Review of The Drowsy Chaperone, Goodspeed Musicals
When Ben Brantley reviewed the original Broadway production of The Drowsy Chaperone in 2006 he noted what a crowd-pleaser it was, but seemed bemused by that fact. You could say there’s a certain critical prejudice against shows that are simply good fun and have, as the saying goes, “no redeeming social value.” It’s fitting that the show should be mostly fluff, since the idea for this musical spoofing musicals began as a party joke that Don McKellar, Lisa Lambert, and Greg Morrison devised for the amusement of Robert Martin and his betrothed, Janet Van de Graaff. And so the main plot element here is how to keep the affianced lovers—Bob (Clyde Alves) and Janet (Stephanie Rothenberg)—from seeing each other before the marriage, while, of course, lots of ambient romance circulates and we wait to see who couples or uncouples with whom. An added attraction is that Janet is a Broadway star of some magnitude who has vowed to forsake the footlights for the sake of her man.
Lambert and Morrison wrote the music and lyrics and the songs are mostly excuses for silliness set to music, having the kind of effervescence associated with champagne in large quantities. And that’s fitting as the titular character—The Chaperone (Jennifer Allen)—imbibes immodestly and tends to get drowsy (or so she says) when she drinks. Her faux dozing leaves her charge, Janet, free for a prenuptial espial of her betrothed, Robert, he of the gleaming teeth, as he roller-skates blindfolded in the garden. Their encounter there sparks a contretemps that may capsize their particular love boat.
Meanwhile, the Chaperone finds herself mistaken as the bride for the erotic attentions of Adolpho (John Rapson), an operatic Italian who wants to seduce Robert’s betrothed as payback for a perceived slight. Meanwhile, there are gangsters on hand—two brothers played to the hilt by the brothers Slaybaugh (Blakely and Parker)—because, if Janet jilts the production she’s starring in, it ain’t going to be pretty for Feldzieg (James Judy), a theater producer accompanied everywhere by Kitty (Ruth Pferdehirt), an inspired ditz as strident would-be star. There’s also the lady of the house, Mrs. Tottendale (Ruth Gottschall) and her fastidious butler, Underling (Jay Aubrey Jones), George, the forgetful best man (Tim Falter), and, for good measure in the finale, a genial aviatrix, Trix (Danielle Lee Greaves).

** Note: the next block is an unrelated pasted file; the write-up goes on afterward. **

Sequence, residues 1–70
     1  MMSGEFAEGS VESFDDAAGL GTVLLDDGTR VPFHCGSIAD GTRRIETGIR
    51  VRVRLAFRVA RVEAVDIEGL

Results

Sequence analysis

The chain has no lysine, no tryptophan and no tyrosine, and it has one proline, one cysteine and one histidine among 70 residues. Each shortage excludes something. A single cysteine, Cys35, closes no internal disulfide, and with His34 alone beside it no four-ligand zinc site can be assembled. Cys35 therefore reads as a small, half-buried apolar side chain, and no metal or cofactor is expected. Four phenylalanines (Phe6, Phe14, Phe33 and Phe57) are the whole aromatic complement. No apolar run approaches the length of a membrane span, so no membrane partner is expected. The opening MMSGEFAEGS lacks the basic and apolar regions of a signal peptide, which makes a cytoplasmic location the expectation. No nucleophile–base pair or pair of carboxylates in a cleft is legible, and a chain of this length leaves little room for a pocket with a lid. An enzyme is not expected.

The book by Bob Martin and Don McKellar bristles with quick scenes, the kind of exchanges that set-up improbable songs—like Robert singing about “Cold Feets” and then proceeding to tap-dance enthusiastically with George, who channels his best Gene Kelly, or like the gangsters, Feldzieg, and Kitty enlightening us about the “Toledo Surprise,” a bit of vaudevillian vim that leads into the Act One closer. And while I’m on the songs, the show-stopper and untoppable topper is Janet’s big number “Show Off”—she changes costume at least three times on stage, hits high notes, twirls hoops, flings knives, and does everything she can think of to hold attention while insisting, quite fetchingly, that she’s done with it all. My other favorite was The Chaperone’s paean to the blitzed life, “As We Stumble Along,” dished up as what it is: the big number for an aging grande dame of the theater to showboat on.